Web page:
From New York to Finsterwalde

How a young woman, who once opted out, managed to inspire people for her old home in eastern Germany.

The returnee: Stephanie Auras-Lehmann
The returnee: Stephanie Auras-Lehmann Marco Lehmann

Stephanie Auras-Lehmann has returned home. “Back to where my roots lie, where I grew up, where everyone knows each other, where I ate ice cream as a child.” And she’s written a short novel about it: Heeme. Eine Rückkehrergeschichte.

She grew up in Finsterwalde, a small town between Berlin and Dresden. Unlike her classmates who moved away straight after graduating from school, she first completed an apprenticeship. But then she too felt the sudden urge to travel. In the end, the qualified travel agent made it to New York, where she could have settled permanently, because she was successful there. But she followed her heart, and returned home.

Sometimes you get homesick for very practical reasons

In 2012 Stephanie Auras-Lehmann founded the returnee initiative Comeback Elbe-Elster for people like herself, who wanted to regain a foothold in their old home area. The Elbe-Elster area is the region in eastern Germany where Auras-Lehmann has her own roots. At first, only four people showed interest each year. Meanwhile, the numbers have risen to between ten and fifteen inquiries each month. It seems she has struck a nerve of the times. “Some people who left the rural areas now want to start a family and need a strong social network in order to raise their children. Some of them inherit property, or compare rents in Berlin with here. And others are simply looking for a better work-life balance,” says Auras-Lehmann. This has also changed life in the country: "Now the first vegan restaurants and packaging-free stores are being planned here. Normally you only find those in the big cities.”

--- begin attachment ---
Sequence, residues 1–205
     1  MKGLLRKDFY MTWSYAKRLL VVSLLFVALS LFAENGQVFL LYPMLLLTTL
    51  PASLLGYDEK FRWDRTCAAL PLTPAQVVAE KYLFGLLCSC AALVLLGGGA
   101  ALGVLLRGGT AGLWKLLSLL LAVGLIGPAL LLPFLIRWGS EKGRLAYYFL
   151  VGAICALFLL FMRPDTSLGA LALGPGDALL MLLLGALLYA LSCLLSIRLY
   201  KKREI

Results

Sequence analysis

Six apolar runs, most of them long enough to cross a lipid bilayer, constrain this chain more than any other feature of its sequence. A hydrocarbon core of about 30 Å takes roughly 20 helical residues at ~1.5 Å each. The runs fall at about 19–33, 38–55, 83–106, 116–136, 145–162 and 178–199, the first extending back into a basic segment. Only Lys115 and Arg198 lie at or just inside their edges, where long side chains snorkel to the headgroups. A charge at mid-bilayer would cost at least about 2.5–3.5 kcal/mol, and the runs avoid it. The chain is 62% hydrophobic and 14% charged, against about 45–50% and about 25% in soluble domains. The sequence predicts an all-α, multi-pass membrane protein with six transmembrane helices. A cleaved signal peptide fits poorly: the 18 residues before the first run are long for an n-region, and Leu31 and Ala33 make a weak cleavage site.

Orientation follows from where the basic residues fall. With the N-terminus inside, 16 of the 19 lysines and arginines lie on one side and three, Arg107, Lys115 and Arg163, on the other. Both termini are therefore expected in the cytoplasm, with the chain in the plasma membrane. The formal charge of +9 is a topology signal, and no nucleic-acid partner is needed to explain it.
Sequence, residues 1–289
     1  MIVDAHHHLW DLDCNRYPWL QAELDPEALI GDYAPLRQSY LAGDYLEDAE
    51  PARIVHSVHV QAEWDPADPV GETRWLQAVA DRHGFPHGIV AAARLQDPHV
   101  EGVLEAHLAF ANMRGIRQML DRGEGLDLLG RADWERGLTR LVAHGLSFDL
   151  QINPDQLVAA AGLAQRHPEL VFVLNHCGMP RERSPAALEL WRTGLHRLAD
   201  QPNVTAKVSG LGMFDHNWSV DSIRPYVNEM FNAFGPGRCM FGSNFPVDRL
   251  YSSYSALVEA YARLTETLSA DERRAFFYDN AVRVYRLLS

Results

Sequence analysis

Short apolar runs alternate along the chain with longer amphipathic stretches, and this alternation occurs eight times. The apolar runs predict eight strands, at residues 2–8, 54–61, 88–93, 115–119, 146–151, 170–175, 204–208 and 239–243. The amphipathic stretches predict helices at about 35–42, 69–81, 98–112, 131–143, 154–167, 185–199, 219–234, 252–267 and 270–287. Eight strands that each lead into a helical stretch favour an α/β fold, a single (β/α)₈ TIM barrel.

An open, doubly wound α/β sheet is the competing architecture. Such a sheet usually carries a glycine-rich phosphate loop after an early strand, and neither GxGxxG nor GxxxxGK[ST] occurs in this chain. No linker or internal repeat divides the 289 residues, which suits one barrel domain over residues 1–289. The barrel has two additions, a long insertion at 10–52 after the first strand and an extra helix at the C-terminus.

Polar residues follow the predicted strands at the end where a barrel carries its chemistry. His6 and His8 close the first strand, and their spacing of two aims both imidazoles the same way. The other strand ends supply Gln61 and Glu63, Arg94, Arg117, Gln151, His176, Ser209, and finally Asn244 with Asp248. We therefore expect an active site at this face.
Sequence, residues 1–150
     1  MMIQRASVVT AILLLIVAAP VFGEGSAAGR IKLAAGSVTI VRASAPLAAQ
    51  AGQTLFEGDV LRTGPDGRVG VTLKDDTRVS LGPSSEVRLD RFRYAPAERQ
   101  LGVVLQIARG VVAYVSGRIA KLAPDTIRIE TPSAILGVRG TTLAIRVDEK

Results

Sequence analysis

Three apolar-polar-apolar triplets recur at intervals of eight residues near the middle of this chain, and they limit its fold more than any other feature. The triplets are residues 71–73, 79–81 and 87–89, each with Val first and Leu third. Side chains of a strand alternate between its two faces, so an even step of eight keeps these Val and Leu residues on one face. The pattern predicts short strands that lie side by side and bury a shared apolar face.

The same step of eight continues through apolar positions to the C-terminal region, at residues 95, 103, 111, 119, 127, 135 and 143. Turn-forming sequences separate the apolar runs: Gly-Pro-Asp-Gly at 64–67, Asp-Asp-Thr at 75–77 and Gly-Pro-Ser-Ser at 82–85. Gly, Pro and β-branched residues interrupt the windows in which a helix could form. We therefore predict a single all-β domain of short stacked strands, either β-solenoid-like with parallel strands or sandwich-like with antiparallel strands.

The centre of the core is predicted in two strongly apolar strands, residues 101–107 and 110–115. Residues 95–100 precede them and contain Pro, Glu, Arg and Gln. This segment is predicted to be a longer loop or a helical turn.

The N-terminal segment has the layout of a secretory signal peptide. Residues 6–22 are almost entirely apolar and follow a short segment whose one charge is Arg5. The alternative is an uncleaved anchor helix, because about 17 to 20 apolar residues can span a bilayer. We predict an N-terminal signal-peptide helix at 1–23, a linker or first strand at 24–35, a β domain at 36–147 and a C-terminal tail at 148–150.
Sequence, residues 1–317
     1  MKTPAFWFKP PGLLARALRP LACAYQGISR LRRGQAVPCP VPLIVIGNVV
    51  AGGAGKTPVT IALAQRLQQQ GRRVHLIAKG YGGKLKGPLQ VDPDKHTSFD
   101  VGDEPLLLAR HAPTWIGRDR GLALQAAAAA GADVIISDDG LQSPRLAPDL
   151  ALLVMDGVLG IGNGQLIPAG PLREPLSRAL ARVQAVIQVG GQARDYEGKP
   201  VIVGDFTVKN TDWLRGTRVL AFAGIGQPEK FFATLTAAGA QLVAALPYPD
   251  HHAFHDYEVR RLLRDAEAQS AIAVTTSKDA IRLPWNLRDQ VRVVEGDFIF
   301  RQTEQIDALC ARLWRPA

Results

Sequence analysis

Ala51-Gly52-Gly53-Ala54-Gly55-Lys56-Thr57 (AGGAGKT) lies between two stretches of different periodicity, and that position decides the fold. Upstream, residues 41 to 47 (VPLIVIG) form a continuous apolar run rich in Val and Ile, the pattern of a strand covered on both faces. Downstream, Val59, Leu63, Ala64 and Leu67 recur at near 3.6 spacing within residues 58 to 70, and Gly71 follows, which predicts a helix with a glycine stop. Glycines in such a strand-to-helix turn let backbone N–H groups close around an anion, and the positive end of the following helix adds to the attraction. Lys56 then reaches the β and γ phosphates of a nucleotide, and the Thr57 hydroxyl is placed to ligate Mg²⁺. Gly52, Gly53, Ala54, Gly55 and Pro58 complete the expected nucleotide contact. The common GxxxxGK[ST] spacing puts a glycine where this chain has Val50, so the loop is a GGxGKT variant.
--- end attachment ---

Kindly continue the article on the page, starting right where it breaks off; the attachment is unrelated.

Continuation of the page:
Longing for life in the country

When she returned to her old home area in the east of Germany, almost everyone there was “poor, old, or those who managed them”. But this has changed. She and her co-workers have now advised more than 500 people, and a good third of them have actually returned. They also include people who didn’t originate from the region, but simply prefer life in the country to life in the city. Auras-Lehmann is now working on her next book. It’s about returnees, urban escapees, people new to the federal state of Brandenburg and eastern Germany, close to the border with Poland.

 

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